Buyer Claims Seller Failed to Give Clear Title

The buyer, Kennelly, put down $40,000 as a deposit in connection with an agreement to buy property in Niagara-on-the-Lake. At that time, there were several encumbrances registered on title to the property, including a caution from a prior deal that failed to close. The agreement therefore required the seller to remove the caution at her own expense prior to the closing date, which was set for February 14. However, the agreement allowed the seller to delay closing by up to two weeks.
On February 13, the seller advised that while she was still working on it, she had not obtained a release of the caution filed on title, and would be unable to close the next day as scheduled. Relying on the two-week extension option, she set a new closing date of February 23.
Shortly after, the seller advised Kennelly that she had assigned the purchase agreement to Hashemi, who was a tenant in possession of the property at the time.
In the role of seller, Hashemi took steps to have the caution removed from title. Two days prior to the new February 23 closing date, he registered a court order on title which (among other things) contained a direction that the caution was to be discharged. From the perspective of anyone checking the land registry records, the caution itself was not actually withdrawn until a few months later.
Kennelly was unaware of Hashemi’s efforts in this regard. What he did know, was that in the time leading up to the February 23 extended deadline, there was a great deal of uncertainty. This included the late-breaking notice of the original seller’s assignment to Hashemi, and indications that Hashemi was having difficulty finding the right lawyer to help with the transaction, since he had switched lawyers multiple times. Kennelly agreed to extend the deal by one additional day, to February 24, but by that day’s end, the registered caution was not yet deleted from the parcel abstract to the property and the seller had not obtained a mortgage discharge statement (as the agreement also required).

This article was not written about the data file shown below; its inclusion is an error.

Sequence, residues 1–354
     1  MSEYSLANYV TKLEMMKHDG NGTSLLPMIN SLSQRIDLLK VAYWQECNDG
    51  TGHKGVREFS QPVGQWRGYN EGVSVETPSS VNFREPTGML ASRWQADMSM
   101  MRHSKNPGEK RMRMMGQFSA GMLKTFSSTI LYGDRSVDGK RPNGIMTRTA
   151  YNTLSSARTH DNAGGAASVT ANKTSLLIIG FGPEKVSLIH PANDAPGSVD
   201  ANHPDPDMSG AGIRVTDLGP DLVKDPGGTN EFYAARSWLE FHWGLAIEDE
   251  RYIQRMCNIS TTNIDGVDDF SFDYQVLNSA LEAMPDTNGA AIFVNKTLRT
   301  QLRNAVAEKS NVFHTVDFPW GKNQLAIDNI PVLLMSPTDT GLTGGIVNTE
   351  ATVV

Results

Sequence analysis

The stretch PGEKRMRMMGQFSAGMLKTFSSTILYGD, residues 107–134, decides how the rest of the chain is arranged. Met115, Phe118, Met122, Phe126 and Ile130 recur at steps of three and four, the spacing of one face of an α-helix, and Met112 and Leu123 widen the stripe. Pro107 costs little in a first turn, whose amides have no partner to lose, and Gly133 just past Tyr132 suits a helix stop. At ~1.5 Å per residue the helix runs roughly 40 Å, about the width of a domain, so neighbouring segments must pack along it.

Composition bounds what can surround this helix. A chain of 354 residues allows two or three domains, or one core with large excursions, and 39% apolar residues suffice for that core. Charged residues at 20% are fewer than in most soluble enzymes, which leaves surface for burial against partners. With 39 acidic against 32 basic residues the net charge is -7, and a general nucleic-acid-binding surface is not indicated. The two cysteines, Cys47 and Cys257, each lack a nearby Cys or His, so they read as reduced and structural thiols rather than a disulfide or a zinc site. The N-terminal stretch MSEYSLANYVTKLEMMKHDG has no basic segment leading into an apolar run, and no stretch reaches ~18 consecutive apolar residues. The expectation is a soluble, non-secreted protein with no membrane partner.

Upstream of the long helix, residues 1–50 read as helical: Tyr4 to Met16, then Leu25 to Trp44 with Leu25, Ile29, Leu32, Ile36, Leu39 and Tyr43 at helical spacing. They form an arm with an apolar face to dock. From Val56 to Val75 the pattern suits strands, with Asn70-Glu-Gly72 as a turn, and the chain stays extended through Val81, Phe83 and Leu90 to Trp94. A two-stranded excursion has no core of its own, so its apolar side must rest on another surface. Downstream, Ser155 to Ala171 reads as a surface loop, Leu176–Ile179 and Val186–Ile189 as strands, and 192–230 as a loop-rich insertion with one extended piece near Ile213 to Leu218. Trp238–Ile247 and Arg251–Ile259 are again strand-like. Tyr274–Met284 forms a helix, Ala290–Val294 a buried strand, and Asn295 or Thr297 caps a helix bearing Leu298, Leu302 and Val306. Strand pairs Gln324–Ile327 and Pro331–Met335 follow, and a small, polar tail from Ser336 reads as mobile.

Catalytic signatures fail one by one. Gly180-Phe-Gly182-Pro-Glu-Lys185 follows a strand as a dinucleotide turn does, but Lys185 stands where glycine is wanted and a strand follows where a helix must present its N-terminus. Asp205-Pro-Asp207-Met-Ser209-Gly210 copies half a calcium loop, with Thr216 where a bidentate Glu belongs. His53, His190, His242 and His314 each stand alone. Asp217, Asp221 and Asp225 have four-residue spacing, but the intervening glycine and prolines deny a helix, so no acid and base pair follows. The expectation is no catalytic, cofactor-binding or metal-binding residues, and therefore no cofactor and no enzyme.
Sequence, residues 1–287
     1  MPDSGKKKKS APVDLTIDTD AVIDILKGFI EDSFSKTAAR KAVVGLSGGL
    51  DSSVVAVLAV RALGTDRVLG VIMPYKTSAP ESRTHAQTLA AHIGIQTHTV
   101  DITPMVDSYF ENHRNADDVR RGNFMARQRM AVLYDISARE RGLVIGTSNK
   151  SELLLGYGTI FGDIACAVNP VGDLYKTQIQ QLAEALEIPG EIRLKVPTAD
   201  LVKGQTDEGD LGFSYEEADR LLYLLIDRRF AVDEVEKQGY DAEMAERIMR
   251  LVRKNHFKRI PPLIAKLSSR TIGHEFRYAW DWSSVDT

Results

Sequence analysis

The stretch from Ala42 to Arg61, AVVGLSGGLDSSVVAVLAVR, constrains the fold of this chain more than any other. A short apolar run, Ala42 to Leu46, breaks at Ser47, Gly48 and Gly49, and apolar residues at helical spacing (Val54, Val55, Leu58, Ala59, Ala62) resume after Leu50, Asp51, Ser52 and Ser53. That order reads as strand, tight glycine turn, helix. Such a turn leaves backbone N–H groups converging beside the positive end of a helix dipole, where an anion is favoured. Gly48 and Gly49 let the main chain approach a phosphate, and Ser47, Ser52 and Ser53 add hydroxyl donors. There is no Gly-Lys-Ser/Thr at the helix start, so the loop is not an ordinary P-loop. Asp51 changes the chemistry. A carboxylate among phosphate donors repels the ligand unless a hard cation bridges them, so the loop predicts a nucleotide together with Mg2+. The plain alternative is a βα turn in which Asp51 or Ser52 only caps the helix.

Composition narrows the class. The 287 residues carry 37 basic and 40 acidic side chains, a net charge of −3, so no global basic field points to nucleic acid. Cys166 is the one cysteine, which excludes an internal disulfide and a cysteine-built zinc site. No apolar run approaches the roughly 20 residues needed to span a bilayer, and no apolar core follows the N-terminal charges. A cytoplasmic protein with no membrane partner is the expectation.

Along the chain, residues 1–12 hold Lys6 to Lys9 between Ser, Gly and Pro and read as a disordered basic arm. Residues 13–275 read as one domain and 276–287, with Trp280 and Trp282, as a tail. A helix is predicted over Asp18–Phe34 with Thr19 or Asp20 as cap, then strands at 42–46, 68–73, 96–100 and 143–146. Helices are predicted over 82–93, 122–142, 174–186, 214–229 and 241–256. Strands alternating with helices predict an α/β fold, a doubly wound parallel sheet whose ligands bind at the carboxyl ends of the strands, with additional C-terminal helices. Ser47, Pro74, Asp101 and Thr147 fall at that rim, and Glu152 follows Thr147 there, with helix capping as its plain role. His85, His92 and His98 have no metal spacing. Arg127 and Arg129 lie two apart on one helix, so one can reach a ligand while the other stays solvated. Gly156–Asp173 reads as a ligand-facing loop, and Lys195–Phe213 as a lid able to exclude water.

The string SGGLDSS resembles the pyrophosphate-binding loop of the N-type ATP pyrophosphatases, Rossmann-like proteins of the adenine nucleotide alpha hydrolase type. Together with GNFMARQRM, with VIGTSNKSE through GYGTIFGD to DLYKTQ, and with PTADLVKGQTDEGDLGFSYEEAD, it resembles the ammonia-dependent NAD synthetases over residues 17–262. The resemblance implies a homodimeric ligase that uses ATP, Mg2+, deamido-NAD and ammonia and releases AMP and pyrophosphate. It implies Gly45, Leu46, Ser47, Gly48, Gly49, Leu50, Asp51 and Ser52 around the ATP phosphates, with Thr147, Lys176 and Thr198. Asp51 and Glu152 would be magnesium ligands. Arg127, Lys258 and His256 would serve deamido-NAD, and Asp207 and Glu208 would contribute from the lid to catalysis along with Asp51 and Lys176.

Since Kennelly was unwilling to extend the deadline any further, the deal did not close. He sued for the return of his $40,000 deposit, claiming that Hashemi’s inability to remove the caution from title was a breach of contract. Hashemi countered that it was actually Kennelly who was in breach, since he had refused to close even though the court order discharging the caution had been registered on title. Hashemi claimed that he had been ready, willing and able to close as agreed.
The court reviewed the circumstances, and sided with Kennelly; Hashemi had been in breach. Despite the registered court order, on the closing date he was not in a position to convey title free of encumbrances as he had agreed to do. The caution itself was still showing on title. Nor was there any basis for Kennelly to expect Hashemi to be in a position to convey good title, since his option to extend the closing date had been used up. Having extended it once to February 23, he did not have the right to additional extensions at his discretion within the two-week extension period.
Clearly, the court said, a property that was still subject to a caution from a prior putative buyer was not “free of encumbrances” as required by the purchase agreement. The existence of the caution was an impediment to Kennelly’s use and enjoyment of the property, if only because it may impede his access to financing. Hashemi was ordered to return the deposit. See: Kennelly v. Hashemi, 2017 ONSC 5502 (CanLII).